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Protests and disease are not as dissimilar as you might think

A nation that has been in shock from coronavirus has been once again confronted with police violence inflicted on black men. Protests continue to ripple across the country, reminiscent of 1968. The two, protests and disease, are not as dissimilar as you might think.

It’s day 133 since the first case of coronavirus disease was announced in the United States.  One week ago, on Memorial Day, Derek Chauvin murdered George Floyd, 46, in Minneapolis, MN. On Tuesday, a bystander’s video upended an antiseptic police report. And a nation that has been in shock from coronavirus was once again confronted with police violence inflicted on black men.

The protests spread across the country like a California wildfire. Perhaps the horrific video of the murder of Ahmaud Arbery in southeast Georgia was one spark. Maybe the senseless murder of Breonna Taylor in her own Louisville home was another. And then there was the surreal video of Amy Cooper in Central Park. Another spark. Minneapolis police arresting CNN journalist Omar Jimenez while he doing a live standup. Another spark.

Localities that had slowly loosened restrictions on movement put in place to counter COVID-19 found themselves tied down even more severely than before. My small (40K) suburban Seattle community had a 5 pm curfew today. Protests continue to ripple across the country, reminiscent of 1968.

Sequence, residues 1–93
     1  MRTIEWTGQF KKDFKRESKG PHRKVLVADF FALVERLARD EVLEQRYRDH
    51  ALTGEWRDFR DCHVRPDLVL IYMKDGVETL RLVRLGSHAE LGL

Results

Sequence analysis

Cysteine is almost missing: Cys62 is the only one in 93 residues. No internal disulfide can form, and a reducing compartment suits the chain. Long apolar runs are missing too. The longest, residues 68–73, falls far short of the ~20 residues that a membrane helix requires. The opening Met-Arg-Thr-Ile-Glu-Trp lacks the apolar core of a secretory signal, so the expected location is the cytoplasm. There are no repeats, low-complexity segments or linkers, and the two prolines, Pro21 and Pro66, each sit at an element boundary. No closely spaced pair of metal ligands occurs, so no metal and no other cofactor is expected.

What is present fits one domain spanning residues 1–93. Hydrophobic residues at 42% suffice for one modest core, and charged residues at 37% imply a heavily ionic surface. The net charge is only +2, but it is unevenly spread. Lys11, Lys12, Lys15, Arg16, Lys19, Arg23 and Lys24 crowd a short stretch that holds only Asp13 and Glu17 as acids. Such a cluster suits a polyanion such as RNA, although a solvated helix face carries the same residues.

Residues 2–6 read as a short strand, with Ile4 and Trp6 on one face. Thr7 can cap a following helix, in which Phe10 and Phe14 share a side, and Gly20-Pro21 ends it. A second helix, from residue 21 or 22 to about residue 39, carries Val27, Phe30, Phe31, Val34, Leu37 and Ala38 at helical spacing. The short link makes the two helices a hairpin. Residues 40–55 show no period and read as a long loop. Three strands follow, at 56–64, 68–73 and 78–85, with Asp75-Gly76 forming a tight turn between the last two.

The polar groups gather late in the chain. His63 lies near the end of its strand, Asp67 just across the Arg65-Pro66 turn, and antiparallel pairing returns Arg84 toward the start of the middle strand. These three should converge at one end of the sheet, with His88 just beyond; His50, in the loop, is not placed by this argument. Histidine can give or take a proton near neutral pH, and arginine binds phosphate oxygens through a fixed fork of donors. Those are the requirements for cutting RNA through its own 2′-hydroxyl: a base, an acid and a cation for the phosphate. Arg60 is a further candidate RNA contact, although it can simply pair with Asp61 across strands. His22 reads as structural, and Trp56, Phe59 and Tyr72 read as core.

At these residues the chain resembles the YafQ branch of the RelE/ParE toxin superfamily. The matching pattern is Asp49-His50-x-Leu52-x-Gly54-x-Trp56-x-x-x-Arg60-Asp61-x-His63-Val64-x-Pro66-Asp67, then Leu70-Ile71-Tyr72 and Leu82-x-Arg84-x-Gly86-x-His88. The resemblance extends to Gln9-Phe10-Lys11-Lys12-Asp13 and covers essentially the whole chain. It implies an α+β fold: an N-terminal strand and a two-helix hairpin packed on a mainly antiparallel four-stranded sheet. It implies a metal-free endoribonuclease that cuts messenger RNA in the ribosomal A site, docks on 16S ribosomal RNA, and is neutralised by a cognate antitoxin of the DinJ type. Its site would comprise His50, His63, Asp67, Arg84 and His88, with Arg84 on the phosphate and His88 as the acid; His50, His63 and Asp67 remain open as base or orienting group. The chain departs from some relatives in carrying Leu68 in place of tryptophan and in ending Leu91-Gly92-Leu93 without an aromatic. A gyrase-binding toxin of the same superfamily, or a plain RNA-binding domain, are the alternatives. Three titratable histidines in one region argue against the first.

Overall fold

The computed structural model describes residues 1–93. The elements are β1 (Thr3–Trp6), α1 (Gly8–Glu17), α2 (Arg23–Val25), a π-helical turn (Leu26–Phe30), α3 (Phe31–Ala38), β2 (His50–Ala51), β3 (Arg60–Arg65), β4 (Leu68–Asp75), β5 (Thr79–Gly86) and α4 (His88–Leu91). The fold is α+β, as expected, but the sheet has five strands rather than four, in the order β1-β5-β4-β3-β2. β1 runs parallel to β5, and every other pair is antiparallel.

The two, protests and disease, are not as dissimilar as you might think.

Racism is a social determinant of health. It affects the physical and mental health of blacks in the U.S. So I wouldn’t weigh these crises separately.” Dr. Elaine Nsoesie, an assistant professor of global health at Boston University.

In the US, people of color have been disproportionately affected by COVID-19, due in part to years of systemic racism and a resultant poor health. It’s also the kinds of jobs they hold: “people of color make up 75 percent of New York City’s frontline workers.”

“I think it’s incumbent on all of us to realize that the health of all of us depends on the health of each of us,” says Dr. Alicia Fernandez, a professor of medicine at the University of California San Francisco, told NPR.

Nationally, African-American deaths from COVID-19 are nearly two times greater than would be expected based on their share of the population. In four states, the rate is three or more times greater.

In 42 states plus Washington D.C., Hispanics/Latinos make up a greater share of confirmed cases than their share of the population. In eight states, it’s more than four times greater.

White deaths from COVID-19 are lower than their share of the population in 37 states and the District of Columbia.

People of color are disproportionately affected by COVID-19 in the UK as well. In addition, “two-thirds of the more than 200 health workers who’ve died of COVID-19 are minorities.”

An open letter, “[i]nitially written by infectious disease experts at the University of Washington,” argues that the protests are vital and cities could reduce COVID-19 risk by refusing to use respiratory irritants, such as tear gas or smoke. Instead, we see a video of a police officer pulling a man’s mask from his face, attacking him with pepper spray not even at arm’s distance, and then walking away.

From 01 June issue, COVID-19 Memo from a News Hound

By Kathy E. Gill

Digital evangelist, speaker, writer, educator. Transplanted Southerner; teach newbies to ride motorcycles! @kegill

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